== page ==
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City Colleges Chancellor Juan Salgado Outlines FY18 Budget Priorities That Invest in Students & Communities

6/28/2017 12:00 AM

June 28, 2017 – To ensure City Colleges of Chicago (CCC) continues to offer a quality, affordable education that aligns with the demands of today’s workforce and catapults Chicagoans into the middle class and beyond, Chancellor Juan Salgado announced that the community college system will operate with a leaner administrative footprint and make investments in its colleges and communities in the coming fiscal year.   “

We put our students above all else, and that means we will continue to provide CCC students with an incomparable educational value and an exceptional experience, even in the face of a challenging state budget situation,” said Chancellor Salgado.       

Outlining his priorities for a FY18 budget to be presented next month, Chancellor Salgado announced several efforts that would continue investments in CCC students and Chicago communities without increasing property taxes or tuition.  Investments preparing students with the skills to seize jobs in fast-growing fields include the completion of the Olive-Harvey College Transportation, Distribution and Logistics (TDL) Center and the Daley College Advanced Manufacturing Center, the latter with an added focus on engineering.         

Chancellor Salgado has also announced a creative partnership with CVS to develop a new pharmacy tech lab at the Westside Learning Center, a satellite location of Malcolm X College. Malcolm X is CCC’s center of excellence for health sciences education and has several existing partnerships - including one with Rush University Medical Center - that help to easily transition students into health care careers.     

“We are committing to a plan for the coming year that makes investments in our current students and communities, grows our enrollment and builds a stable financial position for our institution – with or without Springfield’s help,” Chancellor Salgado continued.  “We are doing our part to continue our track record of student success and see to it that classes start on time at City Colleges this fall.”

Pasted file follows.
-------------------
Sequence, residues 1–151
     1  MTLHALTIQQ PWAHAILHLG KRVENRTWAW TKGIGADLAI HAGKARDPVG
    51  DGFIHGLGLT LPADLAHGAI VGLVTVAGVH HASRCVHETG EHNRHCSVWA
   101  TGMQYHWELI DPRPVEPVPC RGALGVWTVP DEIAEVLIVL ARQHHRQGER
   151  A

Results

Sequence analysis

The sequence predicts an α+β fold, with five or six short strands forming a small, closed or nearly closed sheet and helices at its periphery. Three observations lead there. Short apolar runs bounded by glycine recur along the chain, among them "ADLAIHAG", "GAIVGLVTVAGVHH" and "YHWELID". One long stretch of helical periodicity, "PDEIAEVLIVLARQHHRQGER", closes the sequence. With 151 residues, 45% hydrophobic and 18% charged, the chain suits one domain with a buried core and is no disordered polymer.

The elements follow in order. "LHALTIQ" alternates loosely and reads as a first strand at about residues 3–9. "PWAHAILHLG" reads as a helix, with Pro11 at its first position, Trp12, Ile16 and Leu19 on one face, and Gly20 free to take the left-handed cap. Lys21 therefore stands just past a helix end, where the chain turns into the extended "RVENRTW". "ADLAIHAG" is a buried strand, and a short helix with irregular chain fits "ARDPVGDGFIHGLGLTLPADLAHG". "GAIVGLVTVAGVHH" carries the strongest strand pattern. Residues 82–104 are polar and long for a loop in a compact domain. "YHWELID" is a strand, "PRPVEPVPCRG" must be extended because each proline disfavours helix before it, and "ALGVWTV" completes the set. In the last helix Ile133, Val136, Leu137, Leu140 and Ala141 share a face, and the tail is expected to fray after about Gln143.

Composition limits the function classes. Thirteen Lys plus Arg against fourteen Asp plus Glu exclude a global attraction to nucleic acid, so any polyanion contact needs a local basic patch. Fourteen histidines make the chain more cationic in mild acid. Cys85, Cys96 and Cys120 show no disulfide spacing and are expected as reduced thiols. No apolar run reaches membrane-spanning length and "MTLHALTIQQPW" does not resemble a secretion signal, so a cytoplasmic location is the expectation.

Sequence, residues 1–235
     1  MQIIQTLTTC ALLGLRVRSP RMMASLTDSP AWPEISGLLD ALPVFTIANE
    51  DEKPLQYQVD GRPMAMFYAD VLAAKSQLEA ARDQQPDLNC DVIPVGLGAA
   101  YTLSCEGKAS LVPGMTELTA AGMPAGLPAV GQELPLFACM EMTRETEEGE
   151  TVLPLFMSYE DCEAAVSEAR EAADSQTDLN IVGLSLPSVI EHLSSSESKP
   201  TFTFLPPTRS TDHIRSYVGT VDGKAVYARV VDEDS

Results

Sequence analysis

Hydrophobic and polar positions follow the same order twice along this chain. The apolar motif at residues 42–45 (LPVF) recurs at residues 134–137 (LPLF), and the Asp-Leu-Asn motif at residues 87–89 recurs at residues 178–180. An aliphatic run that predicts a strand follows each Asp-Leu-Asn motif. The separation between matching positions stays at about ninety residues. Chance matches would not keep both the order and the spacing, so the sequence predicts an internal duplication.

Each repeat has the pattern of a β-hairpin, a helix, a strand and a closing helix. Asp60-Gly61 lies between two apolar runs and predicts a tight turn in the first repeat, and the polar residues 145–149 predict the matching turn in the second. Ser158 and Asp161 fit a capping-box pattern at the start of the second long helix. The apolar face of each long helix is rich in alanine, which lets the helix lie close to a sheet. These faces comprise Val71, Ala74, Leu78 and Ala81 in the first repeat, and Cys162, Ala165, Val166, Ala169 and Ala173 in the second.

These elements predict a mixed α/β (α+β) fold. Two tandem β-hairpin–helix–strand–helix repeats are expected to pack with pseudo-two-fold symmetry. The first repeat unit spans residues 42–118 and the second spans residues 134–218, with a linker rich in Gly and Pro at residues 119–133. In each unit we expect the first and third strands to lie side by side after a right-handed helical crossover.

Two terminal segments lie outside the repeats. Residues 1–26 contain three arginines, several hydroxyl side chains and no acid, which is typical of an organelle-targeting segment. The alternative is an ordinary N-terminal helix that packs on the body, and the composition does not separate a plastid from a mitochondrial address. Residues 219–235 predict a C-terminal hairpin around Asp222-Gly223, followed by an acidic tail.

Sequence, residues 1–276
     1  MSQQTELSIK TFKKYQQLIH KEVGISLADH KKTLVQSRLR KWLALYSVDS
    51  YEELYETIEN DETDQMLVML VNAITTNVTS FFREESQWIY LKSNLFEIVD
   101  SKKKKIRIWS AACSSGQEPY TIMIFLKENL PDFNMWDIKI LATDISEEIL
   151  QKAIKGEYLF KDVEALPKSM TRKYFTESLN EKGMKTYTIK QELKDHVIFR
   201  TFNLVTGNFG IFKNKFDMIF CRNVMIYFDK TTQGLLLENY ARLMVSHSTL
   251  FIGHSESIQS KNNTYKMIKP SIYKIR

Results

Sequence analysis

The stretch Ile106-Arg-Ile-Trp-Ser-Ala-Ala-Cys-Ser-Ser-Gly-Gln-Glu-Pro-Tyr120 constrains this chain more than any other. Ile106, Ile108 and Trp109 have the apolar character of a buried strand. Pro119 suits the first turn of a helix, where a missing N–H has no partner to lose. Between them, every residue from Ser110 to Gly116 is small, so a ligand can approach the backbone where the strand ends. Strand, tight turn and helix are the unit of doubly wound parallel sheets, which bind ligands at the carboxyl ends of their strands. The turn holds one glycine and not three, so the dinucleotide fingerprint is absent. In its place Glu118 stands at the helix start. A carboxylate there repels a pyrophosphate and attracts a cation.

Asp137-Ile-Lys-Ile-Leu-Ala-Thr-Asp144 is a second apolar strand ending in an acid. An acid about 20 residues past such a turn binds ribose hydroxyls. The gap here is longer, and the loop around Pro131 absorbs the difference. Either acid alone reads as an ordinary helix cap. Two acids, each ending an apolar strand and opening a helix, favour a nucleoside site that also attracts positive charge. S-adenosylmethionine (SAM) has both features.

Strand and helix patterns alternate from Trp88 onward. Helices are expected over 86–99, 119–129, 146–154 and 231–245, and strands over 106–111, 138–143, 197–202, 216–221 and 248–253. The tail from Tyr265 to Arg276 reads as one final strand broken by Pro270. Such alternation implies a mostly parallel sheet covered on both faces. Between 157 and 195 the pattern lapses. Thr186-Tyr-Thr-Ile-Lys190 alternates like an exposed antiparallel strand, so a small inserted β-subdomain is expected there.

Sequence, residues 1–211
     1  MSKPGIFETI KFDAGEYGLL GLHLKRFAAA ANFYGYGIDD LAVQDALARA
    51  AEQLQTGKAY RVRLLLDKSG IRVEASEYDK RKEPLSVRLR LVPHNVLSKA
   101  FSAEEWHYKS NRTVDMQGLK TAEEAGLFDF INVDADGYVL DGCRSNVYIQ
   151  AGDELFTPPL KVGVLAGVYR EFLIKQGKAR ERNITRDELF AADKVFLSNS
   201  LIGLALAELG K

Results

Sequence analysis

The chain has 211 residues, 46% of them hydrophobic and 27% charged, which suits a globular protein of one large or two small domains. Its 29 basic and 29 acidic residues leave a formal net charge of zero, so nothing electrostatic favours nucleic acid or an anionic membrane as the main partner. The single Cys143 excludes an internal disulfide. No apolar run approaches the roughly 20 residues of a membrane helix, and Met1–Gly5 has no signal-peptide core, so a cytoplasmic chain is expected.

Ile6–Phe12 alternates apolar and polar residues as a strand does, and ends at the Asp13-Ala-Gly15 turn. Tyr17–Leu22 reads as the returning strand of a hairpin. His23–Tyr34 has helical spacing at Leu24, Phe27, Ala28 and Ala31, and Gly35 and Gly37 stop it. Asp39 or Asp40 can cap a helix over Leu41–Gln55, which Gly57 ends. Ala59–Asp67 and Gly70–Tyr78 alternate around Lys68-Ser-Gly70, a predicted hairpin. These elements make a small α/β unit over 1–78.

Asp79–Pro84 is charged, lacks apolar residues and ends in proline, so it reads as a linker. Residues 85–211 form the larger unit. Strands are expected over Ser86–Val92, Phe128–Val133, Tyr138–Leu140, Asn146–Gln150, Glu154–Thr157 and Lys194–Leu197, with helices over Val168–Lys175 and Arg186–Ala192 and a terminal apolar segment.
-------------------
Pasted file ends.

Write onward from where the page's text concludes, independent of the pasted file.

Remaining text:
Among the efficiencies Chancellor Salgado announced to be included in the forthcoming budget are:     
  • The sale of City Colleges underutilized downtown headquarters, which is currently at 33% capacity; the central office administration will move to Kennedy-King College in Englewood, Dawson Technical Institute in Bronzeville, and other locations in order to be closer to the students, faculty and staff they serve at
  • A 10% reduction in senior leadership compensation, including the elimination of 100% pension contributions and medical reimbursements for Officers of the District
  • A 2.5% reduction of the CCC administrative workforce, or roughly 120 employees, largely based at City Colleges’ central office
  • Reductions in travel expenses
  • Reductions in contracts, materials and supplies
  • More efficiently scheduling classes to better meet demand 
These efficiencies are made in response to the unprecedented $70 million state funding shortfall that CCC has experienced over the last two years, including the lack of student MAP grants.    

“This plan is forward looking and student and community centered. It’s designed to position City Colleges for future growth,” continued Chancellor Salgado.       

“I commend Chancellor Salgado for making decisions that will help secure City Colleges’ financial future and the futures of our students,” said Charles R. Middleton, Chair, City Colleges Board of Trustees.  “These strategic choices aim to ensure CCC continues to prepare students for further college and career success.”    

City Colleges will introduce its draft FY18 budget in July, and seek final approval at its August 2018 board meeting.    

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